14. The apparatus recited in claim 11, further comprising means for storing said counted defects from each said accessed test recorded block.
15. Apparatus for detecting defects on a recordable medium in an associated transducer system, said medium including a plurality of discrete data blocks with distinctly addressed data block headers, comprising;
means for selecting a plurality of data block addresses to define a plurality of addressed data blocks on said recording medium to be tested;
means for accessing each one of said addressed data blocks with said transducer system;
means for recording a defect test signal on each said accessed data block after the header of said accessed data block and continuing to the end of said accessed data block to establish a plurality of test recorded data blocks;
means for accessing each one of said test recorded blocks with said transducer system;
means for reproducing said recorded defect test signal on each said accessed test recorded block after the header of said accessed test recorded block and continuing to the end of said accessed test recorded block with a programmable timer;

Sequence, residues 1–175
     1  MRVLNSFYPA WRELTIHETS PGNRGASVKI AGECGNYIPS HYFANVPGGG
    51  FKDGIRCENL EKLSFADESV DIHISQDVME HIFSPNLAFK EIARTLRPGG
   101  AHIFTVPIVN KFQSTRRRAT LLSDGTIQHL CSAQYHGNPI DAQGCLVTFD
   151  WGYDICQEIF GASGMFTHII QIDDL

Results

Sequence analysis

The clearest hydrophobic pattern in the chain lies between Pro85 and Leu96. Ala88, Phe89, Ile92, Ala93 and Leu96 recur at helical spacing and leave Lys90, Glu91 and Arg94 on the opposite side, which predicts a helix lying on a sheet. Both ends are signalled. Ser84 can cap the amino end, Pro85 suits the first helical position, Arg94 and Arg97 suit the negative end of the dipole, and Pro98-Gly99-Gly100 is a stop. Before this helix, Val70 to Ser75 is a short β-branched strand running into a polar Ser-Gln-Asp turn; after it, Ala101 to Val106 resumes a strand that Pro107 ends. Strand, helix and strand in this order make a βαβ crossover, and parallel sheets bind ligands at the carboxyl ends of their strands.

means for detecting errors in said recorded defect test signal reproduced from each said accessed test recorded block, said detected errors corresponding to defects on said recordable medium; and
means for counting said defects detected in each said accessed test recorded block.
16. The apparatus recited in claim 15, wherein said programmable timer times the period of reproducing said recorded defect test signal on each said accessed test recorded block and terminates the reproduction from said accessed test recorded block after said timed period exceeds a prescribed period for said transducer system to reproduce from said accessed test recorded block after the header on said accessed test recorded block and continuing to the end of said accessed test recorded block.